As for your training, God bless you and protect you. Your citing of Karl Rahner will gain several readers . . . but, seeing your situation, you might appreciate more some of the material composed by his brother, Hugo Rahner. See Homo Ludens for a start.

        Peace to you.

      • Thanks Andrew. To be frank, I’m not really a fan of Rahner, nor is Team Orthodoxy. I just had heard this quote before, and in researching found it was from Rahner. My theological sensibilities remain very much in the traddy side of Catholicism, and so the majority of works that I read are from people like the Saints of the Church. I will definitely look into Homo Ludens and Hugo Rahner though, if you feel they would be of benefit to me.

        As for those other orders, it breaks my heart seeing what potential there is and what happens when the mind turns to self. I visited an order once, whose founder I absolutely love, and whose writings are my favourite in the world, yet when I visited them I found their way of life had divorced from what this Saint was all about. They made everything he did a mockery. Needless to say, I was heartbroken. There needs to be a renewal in these orders. They need people like St. Teresa and St. John to stand up and reform it- God, please send more laborers. I guess this is where we as lay faithful must take the road of mortification, sacrifice, and prayer, and beg God for this. Thank you again for visiting. Please hang out more often with us. I really appreciate your insight.

  12. In ignorance of the fullness of the faith, and in ignorance of Catholic piety and in ignorance the true and full meaning of obedience, as a former non-Catholic, my “personal relationship” with our Lord in those days was much more experientially intimate with Jesus, and the love of Jesus emersed me in ever increasing love, which was truly poured forth out of those around me, with whom I worshipped. Jesus and Sacred Scripture was always the favorite topic for conversation, even for social gatherings fervent prayer was was a spiritual bath and the highlight of each and every occasion. We lived Jesus, spoke of Jesus and “felt” Jesus in unity. As a Catholic in the great Church, founded on Himself and Peter, the priests today appear nearly faithless themselves, and the people are without a Shepherd but for the motions he “celebrates”. The people starve for engagement by the priest and it seems to me reflect the countenance of the priest for good or ill, with people dropping out for lack of meat, love and teaching. I will never leave the Church of Jesus. I love the Church no matter what, but I suffer, and many others do the same as we struggle with heartbreak toward Heaven and the treatment of the Holy Mass, all the comedy and silliness and the seemingly long dead pious practices. The Holy Mass is the last place to find sacred silence, to begin to seek proper recollection, or preparation to receive our Lord in the Eucharist, just as a hospital is so often the last place to expect rest and sleep. How does a “mystic” transcend the inadequacy of these conditions, the distractions, the scandalous lack of dress, the awful family reunion-like atmosphere in the sanctuary, and the priests disregard for his celebration. How a “mystic” in relation with Jesus endures and overcome piercing abominations, I’m sure I don’t know, but would like to.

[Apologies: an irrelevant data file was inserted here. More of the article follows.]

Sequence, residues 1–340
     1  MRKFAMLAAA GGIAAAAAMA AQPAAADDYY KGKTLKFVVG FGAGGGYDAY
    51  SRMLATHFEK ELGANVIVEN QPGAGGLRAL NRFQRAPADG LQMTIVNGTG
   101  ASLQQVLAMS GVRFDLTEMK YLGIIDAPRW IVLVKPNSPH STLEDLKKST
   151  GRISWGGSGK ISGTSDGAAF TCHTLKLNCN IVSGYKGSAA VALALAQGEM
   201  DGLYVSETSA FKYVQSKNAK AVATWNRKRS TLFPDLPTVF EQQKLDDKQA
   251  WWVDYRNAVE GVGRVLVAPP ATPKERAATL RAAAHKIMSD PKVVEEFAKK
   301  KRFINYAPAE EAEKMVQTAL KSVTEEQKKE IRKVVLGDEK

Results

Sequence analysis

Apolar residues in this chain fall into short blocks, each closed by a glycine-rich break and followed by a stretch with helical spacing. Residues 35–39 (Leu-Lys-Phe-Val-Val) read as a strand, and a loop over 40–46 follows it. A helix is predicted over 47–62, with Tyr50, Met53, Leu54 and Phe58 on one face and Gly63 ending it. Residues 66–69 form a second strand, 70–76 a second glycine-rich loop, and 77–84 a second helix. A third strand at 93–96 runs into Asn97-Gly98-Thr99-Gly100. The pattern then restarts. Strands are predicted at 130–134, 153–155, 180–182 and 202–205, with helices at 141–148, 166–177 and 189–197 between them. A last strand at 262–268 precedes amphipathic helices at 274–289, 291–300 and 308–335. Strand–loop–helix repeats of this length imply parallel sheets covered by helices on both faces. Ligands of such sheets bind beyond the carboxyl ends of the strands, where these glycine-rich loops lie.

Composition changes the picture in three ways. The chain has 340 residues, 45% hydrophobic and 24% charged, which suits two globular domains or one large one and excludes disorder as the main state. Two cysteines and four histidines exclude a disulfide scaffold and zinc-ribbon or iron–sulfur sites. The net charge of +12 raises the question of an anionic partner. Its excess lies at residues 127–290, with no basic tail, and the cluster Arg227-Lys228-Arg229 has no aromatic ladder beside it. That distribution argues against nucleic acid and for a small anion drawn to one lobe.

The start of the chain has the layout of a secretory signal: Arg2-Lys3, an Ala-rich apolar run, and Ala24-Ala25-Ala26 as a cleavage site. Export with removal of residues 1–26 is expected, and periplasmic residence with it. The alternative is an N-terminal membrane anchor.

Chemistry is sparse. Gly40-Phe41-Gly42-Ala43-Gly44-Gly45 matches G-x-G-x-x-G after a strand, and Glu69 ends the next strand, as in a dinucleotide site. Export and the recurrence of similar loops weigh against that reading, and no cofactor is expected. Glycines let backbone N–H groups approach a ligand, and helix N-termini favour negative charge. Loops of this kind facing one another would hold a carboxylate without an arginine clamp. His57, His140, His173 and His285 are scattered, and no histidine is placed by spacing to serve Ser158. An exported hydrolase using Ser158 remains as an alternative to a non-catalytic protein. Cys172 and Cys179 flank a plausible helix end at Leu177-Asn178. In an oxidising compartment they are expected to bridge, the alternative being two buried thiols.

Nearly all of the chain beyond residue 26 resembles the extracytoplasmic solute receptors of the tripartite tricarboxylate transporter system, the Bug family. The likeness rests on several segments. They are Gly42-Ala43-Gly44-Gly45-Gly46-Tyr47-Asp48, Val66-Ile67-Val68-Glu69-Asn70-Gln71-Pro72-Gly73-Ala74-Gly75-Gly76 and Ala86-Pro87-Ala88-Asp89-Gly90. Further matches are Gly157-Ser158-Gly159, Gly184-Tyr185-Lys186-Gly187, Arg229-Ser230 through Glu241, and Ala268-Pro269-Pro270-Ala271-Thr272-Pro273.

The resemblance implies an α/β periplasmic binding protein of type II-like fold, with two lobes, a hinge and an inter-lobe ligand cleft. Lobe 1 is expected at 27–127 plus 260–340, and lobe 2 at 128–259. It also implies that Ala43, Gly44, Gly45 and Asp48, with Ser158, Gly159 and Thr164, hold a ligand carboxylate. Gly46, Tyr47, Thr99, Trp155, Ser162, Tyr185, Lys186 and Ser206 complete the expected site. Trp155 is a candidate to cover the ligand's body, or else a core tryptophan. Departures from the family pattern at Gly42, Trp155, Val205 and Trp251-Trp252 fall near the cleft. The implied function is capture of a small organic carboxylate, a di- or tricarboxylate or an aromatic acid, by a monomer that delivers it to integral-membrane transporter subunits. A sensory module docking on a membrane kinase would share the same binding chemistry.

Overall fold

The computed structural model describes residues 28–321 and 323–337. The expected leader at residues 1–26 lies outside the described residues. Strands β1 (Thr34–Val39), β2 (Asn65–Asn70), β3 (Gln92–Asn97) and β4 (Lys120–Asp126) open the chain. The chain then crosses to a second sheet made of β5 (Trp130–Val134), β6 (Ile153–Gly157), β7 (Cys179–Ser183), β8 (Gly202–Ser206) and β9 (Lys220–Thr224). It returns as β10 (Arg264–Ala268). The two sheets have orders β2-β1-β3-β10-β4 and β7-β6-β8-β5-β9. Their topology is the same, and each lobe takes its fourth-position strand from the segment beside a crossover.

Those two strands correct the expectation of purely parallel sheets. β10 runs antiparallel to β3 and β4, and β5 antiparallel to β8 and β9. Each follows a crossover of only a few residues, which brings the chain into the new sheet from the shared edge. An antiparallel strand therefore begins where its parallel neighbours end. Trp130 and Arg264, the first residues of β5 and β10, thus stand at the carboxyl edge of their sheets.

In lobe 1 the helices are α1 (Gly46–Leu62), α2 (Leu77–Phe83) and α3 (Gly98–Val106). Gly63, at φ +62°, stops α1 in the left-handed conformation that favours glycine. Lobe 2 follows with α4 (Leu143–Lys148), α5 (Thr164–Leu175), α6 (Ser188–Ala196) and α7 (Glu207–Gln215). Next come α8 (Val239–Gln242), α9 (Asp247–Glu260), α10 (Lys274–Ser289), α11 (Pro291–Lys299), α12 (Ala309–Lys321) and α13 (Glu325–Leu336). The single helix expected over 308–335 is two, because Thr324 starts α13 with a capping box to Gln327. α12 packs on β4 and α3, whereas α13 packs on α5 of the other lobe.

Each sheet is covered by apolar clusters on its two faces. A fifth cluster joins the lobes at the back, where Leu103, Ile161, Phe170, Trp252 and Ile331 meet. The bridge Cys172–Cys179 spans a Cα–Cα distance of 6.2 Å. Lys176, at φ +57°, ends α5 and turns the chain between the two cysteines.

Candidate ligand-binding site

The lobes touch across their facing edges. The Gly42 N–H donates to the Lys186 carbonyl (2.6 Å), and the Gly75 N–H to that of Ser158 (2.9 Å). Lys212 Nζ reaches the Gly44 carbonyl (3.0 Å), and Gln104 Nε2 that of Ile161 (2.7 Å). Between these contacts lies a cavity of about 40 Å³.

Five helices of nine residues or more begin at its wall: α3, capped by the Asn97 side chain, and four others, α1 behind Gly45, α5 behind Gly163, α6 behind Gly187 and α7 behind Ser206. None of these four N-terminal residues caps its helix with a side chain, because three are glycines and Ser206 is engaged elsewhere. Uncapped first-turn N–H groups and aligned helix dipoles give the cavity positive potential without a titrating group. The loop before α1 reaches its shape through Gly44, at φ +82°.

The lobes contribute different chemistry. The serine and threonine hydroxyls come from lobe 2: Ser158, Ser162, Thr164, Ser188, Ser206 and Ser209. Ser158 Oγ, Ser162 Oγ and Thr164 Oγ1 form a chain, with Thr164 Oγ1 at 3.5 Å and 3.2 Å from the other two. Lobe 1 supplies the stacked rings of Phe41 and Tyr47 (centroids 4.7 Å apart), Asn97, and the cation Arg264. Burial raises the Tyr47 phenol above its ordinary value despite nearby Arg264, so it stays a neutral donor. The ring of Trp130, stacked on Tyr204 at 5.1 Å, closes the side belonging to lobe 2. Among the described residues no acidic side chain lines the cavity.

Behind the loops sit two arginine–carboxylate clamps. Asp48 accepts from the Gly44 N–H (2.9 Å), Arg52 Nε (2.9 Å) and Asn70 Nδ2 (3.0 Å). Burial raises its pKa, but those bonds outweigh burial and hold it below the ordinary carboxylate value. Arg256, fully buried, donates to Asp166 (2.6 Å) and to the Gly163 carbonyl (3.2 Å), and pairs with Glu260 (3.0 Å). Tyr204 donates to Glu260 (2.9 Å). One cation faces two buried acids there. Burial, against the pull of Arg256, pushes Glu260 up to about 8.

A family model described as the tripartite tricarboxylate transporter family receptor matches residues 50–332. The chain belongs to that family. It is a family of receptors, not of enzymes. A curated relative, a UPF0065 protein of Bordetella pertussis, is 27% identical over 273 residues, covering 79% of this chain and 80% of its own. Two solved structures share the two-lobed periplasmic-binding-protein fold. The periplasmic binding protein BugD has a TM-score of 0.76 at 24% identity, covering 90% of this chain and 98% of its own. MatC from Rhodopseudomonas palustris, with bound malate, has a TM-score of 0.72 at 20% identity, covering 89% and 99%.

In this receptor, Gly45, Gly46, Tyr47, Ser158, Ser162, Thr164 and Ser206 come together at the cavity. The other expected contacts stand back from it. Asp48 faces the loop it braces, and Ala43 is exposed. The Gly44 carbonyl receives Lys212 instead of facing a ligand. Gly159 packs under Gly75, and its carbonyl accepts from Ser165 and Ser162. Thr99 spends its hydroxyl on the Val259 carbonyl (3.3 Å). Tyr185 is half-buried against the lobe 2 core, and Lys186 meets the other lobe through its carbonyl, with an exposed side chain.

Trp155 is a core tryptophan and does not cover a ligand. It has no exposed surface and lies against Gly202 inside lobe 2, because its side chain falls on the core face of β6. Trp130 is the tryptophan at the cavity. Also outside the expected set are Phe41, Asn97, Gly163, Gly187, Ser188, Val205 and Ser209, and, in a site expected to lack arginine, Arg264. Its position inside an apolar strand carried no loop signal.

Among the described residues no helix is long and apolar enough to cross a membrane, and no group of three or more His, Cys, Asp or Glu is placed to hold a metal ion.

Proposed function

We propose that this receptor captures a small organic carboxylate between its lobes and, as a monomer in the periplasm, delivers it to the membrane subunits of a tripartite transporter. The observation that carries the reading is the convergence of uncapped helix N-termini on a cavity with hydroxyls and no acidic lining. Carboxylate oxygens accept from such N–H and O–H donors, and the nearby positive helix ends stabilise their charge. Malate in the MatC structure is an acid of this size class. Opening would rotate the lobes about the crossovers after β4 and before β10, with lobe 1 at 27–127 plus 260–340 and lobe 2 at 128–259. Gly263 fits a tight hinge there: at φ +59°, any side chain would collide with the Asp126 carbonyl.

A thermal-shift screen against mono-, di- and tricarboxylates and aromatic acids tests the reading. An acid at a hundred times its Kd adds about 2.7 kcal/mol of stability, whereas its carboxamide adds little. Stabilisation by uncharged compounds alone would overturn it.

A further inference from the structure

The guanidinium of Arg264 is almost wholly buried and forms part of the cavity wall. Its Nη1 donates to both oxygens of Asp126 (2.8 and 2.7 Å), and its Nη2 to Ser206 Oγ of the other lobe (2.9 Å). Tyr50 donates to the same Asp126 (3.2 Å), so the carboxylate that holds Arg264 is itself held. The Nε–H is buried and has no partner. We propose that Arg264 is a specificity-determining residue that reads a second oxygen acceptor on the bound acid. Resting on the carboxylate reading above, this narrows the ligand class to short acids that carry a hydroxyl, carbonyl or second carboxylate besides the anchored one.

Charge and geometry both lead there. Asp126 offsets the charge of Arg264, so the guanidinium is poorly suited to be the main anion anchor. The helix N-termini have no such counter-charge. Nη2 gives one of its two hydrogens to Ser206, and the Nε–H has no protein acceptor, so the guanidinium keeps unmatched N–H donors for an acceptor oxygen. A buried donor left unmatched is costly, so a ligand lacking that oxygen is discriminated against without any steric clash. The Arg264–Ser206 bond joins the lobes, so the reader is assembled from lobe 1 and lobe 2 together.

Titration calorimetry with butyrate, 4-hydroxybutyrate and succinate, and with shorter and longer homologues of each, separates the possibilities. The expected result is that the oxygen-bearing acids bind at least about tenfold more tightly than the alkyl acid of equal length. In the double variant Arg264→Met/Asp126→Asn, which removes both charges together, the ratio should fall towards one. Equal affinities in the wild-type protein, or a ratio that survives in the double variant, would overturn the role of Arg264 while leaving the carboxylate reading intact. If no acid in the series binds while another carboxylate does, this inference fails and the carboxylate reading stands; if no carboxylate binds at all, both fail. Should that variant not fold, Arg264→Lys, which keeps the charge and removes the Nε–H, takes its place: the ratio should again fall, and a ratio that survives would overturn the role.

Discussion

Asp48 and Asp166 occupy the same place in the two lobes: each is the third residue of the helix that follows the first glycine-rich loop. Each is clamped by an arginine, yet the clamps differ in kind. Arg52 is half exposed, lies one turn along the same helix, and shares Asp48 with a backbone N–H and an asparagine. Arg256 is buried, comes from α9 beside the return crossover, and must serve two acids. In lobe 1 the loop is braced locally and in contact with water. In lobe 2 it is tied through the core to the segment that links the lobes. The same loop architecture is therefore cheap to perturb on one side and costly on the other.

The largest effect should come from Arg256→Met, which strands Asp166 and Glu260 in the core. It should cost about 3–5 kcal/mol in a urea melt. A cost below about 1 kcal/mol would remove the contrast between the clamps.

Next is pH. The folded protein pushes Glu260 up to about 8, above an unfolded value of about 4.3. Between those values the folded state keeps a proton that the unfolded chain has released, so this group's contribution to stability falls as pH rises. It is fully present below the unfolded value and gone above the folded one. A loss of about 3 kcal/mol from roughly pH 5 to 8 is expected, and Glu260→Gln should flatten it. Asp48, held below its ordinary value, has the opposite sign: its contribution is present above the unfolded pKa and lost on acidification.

priesthood in whole dioceses?

    • I too have often been disturbed by the lack of reverence during the Holy Mass. Our Holy Father Pope Benedict has been promoting renewal of the liturgy in order to help us recapture the sense of the sacred at Mass. I have come to realize that even though many people may not understand what is going on during the Mass, the Lord is still present and He comes among us and feeds us with His sacred body. The Church and many of the mystics have suffered through turmoil both within and without the Church in our long history and she will continue to do so. This is one of the many crosses that our Church has to bear. Like the mystics, we need to turn to God in prayer in order to have the peace of Christ in our souls no matter what we face and the strength and the knowledge to know how to confont these challenges.

      • Thanks for your comment. This notion of mysticism should probably become better defined within the context of Catholicism and revealed truth if it is to be discussed. A person commented elsewhere about Divine Reality as pertaining to mysticism. Yes. But, Judaism and Christianity make unique claims about reality–absolutes for which the rejection of or acceptance of has given greater definition to what it is that the original body of believers has accepted. Without the definition of mysticism in this discussion, the notion becomes very broad, so much as to include everything mysterious to humans but perhaps even natural to angels–fallen or otherwise–and therefore an area into which one ought not to enter, unless repeating the mistake of Eve by entertaining discussion that let her fall. (I remain grateful to my teacher in this faith we call Christianity. The woman is old and still alive).

  13. It seems to me that JPII said it best when he said “Jesus is either Lord of all or not Lord of all”. The spirit of life continues to call us to a deeper life a hidden sanctity known to him alone. If you dwell in me and my words dwell in you ask whatever you will. It is the Spirit that continues to reveal that your word is life Lord lead me unto your way as I walk within your arms of love. Thank you for mother church and her faithfulness, with all of my heart I love you. Speak Lord for thy servant listens….

  14. Fallen in love with Catholicism

    A wonderful piece, with the exception of your quoting Karl Rahner, an undeclared heretic and a hallmark of all that troubles the modern Catholic Church.
    If you want to learn all there is to learn about Catholic mysticism, get a hold of THE THREE AGES OF THE INTERIOR LIFE, (two volumes) by Father Reginald Garrigou-LaGrange, O.P.. Also, meditate upon THE DIALOGUE OF ST CATHERINE OF SIENNA if you want to learn the mind of God. But please, stay clear of the likes of Karl Rahner, unless you would just as soon lose your soul.

    • Oh believe me, I understand Rahner’s approach and I am not a fan, I just heard that quote and needed to source it. Garrigou LaGrange is beyond amazing and I love him. That book or three books, you mentioned are in circulation within my family as well as Mother of the Saviour. He’s beyond awesome. Trust me when I say I stick to orthodox sources in theological matters. To see some books we like as a team, check out our books section in the Recs. God love you.

  15. you’ve been linked to by someone other than me. It seems to have been posted a few days ago.